In a world dominated by electronic commerce and big banknotes, the humble five cent piece seems to have been kept on life support - but at what cost to the consumer, asks Tom Burns.
By
Tom Burns

13 Aug 2013 - 3:28 PM  UPDATED 26 Aug 2013 - 2:01 PM

Imagine if you walked into your local bank, handed them a five cent piece and asked, "Can I have ten cents for this?" And then the teller said, "Yes."

Well, that's the world of commerce our friends across the Pacific pond are used to. And soon, we might have to accept the same sort of illogic here in Australia.

In the 2012 fiscal year The Unites States Mint produced and distributed just over 1 billion US five cent pieces, worth a total of US$50 million. But they spent more than US$100 million to produce them! That's more than US$50 million in losses. And all simply to subsidise the irritating existence of bacteria-ridden disks that you'd be surprised to find someone bothering to pick up off a New York City sidewalk.

Granted, the price of copper and nickel - the main constituents of the US five cent piece - have since lowered slightly, so the same loss might not be incurred today. But since the early 2000's the price of copper, which also makes up 75% of all silver coins and 92% of all gold coins in Australia, has more than tripled. Compound this with inflation and the increasing costs of energy consumption required by manufacturing and distribution, and it's no wonder it was reported in 2009 and 2011 by The Sydney Morning Herald that there were plans to scrap our echidna-bearing shrapnel forever.

The real cost to society could be in lost productivity costs, though. Think of all the times you've fumbled around for exact change and how the poor soul who has to count them at the end of the day must wish they were elsewhere. The US one cent piece - which is bafflingly still produced - is estimated to cost the US economy US$1 billion in lost productivity annually.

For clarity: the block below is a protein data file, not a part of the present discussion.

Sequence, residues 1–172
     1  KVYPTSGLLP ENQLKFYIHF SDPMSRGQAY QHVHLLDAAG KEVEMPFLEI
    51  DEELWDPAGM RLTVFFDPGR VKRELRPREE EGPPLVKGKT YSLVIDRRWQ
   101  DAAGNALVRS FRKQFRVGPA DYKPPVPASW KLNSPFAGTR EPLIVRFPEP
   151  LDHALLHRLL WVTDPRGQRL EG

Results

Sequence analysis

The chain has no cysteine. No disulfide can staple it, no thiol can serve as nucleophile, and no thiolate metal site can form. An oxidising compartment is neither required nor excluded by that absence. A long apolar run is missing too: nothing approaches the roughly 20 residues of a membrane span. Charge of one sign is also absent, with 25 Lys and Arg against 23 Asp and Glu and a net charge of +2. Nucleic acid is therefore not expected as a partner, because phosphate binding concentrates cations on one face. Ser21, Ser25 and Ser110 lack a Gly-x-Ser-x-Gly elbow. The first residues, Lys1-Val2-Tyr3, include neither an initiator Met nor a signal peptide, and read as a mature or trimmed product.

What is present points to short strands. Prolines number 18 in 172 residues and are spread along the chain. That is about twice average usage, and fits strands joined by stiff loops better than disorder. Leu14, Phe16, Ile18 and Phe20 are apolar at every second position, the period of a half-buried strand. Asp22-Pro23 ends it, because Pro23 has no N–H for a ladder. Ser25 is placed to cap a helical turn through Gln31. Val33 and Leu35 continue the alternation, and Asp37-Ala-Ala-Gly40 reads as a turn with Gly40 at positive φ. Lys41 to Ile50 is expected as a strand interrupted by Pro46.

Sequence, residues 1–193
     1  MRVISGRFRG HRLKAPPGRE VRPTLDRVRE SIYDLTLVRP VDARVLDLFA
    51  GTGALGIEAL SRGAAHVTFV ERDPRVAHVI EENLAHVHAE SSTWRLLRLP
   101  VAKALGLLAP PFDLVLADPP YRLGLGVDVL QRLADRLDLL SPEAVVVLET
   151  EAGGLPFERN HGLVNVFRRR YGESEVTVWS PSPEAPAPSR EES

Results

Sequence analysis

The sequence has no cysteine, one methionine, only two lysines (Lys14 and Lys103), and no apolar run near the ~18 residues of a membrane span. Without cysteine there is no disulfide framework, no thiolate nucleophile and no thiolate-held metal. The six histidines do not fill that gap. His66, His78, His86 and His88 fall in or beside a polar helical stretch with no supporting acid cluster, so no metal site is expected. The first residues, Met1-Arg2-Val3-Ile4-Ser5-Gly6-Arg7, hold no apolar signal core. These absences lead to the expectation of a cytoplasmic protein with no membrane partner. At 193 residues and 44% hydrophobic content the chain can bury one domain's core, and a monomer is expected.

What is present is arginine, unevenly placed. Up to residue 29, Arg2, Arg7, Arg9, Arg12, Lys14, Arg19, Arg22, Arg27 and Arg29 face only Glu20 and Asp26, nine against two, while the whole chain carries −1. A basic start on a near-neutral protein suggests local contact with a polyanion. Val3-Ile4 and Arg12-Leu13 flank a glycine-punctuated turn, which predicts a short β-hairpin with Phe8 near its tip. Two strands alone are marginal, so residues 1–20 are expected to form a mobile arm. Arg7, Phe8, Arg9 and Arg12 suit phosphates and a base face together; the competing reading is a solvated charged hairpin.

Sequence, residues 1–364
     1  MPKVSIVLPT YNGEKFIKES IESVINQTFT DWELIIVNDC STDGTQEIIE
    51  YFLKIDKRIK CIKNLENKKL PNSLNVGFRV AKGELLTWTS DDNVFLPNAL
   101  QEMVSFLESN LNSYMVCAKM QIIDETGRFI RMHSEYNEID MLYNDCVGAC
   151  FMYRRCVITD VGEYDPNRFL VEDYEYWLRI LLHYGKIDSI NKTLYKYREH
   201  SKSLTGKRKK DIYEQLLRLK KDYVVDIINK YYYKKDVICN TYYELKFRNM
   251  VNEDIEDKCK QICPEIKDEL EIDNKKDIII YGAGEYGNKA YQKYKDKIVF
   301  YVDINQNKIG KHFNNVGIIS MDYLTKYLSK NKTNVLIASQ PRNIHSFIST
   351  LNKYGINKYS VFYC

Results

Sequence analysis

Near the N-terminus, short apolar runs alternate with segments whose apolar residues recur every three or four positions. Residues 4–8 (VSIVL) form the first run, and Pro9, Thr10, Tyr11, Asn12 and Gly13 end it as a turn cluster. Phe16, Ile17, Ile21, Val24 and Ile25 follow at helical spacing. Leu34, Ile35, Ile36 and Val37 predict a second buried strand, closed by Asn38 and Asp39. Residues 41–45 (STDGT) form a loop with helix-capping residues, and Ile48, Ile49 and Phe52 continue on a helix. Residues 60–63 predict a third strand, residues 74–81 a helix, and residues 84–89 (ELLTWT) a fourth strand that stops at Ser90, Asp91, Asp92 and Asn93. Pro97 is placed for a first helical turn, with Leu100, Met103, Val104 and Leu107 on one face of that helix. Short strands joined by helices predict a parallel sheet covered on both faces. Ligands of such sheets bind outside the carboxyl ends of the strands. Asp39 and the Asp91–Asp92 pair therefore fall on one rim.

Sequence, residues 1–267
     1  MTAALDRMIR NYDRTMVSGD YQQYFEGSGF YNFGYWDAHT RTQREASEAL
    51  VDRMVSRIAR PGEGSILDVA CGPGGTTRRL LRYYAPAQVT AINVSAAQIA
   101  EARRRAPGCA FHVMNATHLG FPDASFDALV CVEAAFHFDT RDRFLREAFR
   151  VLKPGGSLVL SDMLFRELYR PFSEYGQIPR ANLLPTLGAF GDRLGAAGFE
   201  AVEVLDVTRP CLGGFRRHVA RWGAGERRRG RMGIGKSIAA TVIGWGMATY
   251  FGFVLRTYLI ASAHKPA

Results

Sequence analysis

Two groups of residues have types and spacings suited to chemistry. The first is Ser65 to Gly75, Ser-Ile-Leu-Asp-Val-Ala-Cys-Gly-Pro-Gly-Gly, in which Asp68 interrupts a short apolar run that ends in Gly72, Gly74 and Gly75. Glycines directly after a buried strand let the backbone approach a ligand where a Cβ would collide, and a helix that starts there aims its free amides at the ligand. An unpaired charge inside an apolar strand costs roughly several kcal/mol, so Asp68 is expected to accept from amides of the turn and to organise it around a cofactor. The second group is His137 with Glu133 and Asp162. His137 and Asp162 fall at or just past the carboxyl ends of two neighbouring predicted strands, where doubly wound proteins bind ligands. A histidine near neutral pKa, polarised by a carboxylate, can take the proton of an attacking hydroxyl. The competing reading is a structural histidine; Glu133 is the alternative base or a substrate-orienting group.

Even if they were affordable to produce or money was no object, for something which is meant to grease the wheels of commerce, the five cent piece really underperforms. Anyone would be rightly shocked to find even a single item in their local supermarket that costs five cents or less. Parking meters don't take them, vending machines know better and even the infamous Melbourne Myki system can spot such indisputable inefficiency when it sees it.

The truth is that there are even laws to limit how many five cent pieces you can use in an individual transaction. The Currency Act 1965 (section 16) prohibits anyone from ruining the day of a store clerk beyond $5 worth of five cent pieces; any more it's not considered legal tender. And rightly so, too - that's 100 five cent pieces!

Our Kiwi cousins scrapped their five cent piece in 2006 after realising what a nuisance they were. Why can't we do the same? It might not be a sexy topic or have catchy three-word-slogans like 'Five Cent Wastage' and 'Coinage Reform Now', but couldn't we afford to be pragmatic for once? In fact, given the economy, how can we afford not to be?

Tom Burns is a blogger, vlogger and self-confessed political junkie.